Mahmoud Ahmadinejad yesterday threw down the gauntlet to America and the West, arguing that the US, not Iran, was the real threat to world peace, and leaving little doubt that his country would press on with its controversial nuclear programme, which it says is for purely peaceful purposes.
"Regrettably, the government of the United States has not only used nuclear weapons, but also continues to threaten to use such weapons against other countries, including Iran," the Iranian President said, referring to the recent US nuclear policy review that leaves open the possibility of nuclear retaliation against countries like Iran and North Korea.
The speech to the opening session of the 189-nation Nuclear Non-Proliferation Treaty (NPT) review conference by Mr Ahmadinejad – the only head of state to attend – kicked off four weeks of bargaining at the United Nations in New York, likely to be as acrimonious as it is complex. As he took the rostrum, the British, French and US delegations all walked out of the chamber. The White House later described the speech as "predictable" and full of "wild accusations".
The conference may well not even produce a unanimous final statement, given Iran's hostility to intrusive inspections by the International Atomic Energy Agency, the UN nuclear watchdog, as part of the tighter scrutiny of individual national programmes which Washington and its allies want.
In his address yesterday, Ban Ki-moon, the UN secretary general, set the tone by telling delegates that "the onus is on Iran" to clear up doubts about its programme, generally believed to be aimed at building a nuclear bomb.
Later Hillary Clinton, the US Secretary of State accused Iran of violating the treaty by pursuing nuclear weapons. But her main energies are directed at building Security Council backing for harsh UN sanctions against Tehran, and keeping conference support for Mr Ahmadinejad as restricted as possible.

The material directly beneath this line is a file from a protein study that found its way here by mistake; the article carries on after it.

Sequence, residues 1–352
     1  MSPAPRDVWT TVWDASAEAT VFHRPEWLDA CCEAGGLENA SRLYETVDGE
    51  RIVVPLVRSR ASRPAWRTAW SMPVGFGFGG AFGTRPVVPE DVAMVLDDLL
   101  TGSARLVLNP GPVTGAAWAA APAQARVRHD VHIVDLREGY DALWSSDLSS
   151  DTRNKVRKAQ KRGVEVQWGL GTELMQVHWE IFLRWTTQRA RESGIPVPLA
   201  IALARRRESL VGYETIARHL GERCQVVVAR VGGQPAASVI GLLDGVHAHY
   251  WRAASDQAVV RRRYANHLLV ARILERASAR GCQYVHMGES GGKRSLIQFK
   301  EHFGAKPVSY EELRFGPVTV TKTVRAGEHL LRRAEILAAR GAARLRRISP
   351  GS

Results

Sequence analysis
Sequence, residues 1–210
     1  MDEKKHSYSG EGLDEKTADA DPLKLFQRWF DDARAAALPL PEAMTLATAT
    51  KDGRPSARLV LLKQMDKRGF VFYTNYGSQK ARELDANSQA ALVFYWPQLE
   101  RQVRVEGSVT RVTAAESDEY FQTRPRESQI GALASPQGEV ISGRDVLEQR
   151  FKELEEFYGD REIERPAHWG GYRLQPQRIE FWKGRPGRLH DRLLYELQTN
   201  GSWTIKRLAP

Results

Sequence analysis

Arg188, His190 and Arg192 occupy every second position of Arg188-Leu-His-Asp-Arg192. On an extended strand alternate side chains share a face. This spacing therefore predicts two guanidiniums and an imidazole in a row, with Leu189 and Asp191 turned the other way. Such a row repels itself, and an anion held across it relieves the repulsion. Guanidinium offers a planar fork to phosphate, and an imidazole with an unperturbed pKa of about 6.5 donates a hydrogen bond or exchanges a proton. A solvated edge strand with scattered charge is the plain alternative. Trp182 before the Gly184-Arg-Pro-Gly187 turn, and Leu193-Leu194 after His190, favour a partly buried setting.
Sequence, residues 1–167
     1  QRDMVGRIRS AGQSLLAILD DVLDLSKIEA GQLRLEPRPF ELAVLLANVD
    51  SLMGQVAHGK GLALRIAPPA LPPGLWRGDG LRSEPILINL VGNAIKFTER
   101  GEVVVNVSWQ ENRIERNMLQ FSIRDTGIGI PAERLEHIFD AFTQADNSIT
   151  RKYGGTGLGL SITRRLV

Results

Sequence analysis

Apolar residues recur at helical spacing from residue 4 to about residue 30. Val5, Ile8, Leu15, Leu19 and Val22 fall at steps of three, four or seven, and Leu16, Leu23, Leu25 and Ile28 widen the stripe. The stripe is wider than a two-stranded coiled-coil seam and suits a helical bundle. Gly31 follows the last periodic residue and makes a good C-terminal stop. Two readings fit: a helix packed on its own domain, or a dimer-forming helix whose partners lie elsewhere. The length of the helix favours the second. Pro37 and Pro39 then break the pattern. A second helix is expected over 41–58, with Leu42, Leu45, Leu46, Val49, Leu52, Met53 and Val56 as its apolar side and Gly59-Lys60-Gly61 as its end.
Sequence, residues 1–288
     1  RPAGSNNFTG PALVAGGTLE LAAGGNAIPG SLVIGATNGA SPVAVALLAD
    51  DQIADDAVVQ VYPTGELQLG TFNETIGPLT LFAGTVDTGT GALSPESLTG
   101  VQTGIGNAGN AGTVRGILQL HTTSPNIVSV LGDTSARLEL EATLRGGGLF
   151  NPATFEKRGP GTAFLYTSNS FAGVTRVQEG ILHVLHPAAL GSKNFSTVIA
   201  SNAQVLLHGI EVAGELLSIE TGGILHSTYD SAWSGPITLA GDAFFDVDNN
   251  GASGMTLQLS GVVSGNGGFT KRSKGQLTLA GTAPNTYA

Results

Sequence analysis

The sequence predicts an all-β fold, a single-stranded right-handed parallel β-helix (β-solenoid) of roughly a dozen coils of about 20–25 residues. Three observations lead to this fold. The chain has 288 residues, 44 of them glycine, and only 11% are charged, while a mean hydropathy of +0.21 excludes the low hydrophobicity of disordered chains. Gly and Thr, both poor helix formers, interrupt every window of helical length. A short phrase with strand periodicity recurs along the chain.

The stakes could scarcely be higher. An Israeli attack on Tehran's nuclear facilities could unleash a new Middle East war. If Iran does develop a nuclear weapon, several of the country's Arab neighbours may well seek their own, in an arms race that would all but that sound the death knell of the NPT.
For that reason, Washington is showing new interest in calls, led by Egypt, for the Middle East to be declared a nuclear-free zone. This would oblige Israel to come clean about its undeclared arsenal – reckoned to total between 100 and 200 warheads – but would also provide extra leverage against Tehran.
But no such deal will be reached soon, since the US as well as Israel, a non-signatory of the NPT, insist that a regional peace deal must be reached before any such zone comes into effect.
At the same time the US has to contend with accusations of hypocrisy – that while it insists other NPT members keep their commitment not to develop nuclear weapons, it has failed to keep its end of the bargain by not moving to eliminate its own nuclear arsenal.
Mr Ahmadinejad may be seen as the villain of the piece in New York, but he is not alone in his view, expressed on his arrival on Sunday evening, that "the atomic bomb has become a tool for bullying, domination and expansionism".
As proof of its bona fides, the US points to April's strategic arms reduction pact with Moscow, that cuts the warheads deployed by the former superpower foes by a third.
Separately, the Pentagon announced that the total stockpile of US nuclear weapons, either deployed, in reserve or storage, was 5,113 warheads, an 84 per cent reduction from the 1967 peak of 31,225. The release of this hitherto classified data was aimed at showing US transparency on the nuclear issue, in contrast to the obfuscations of Iran.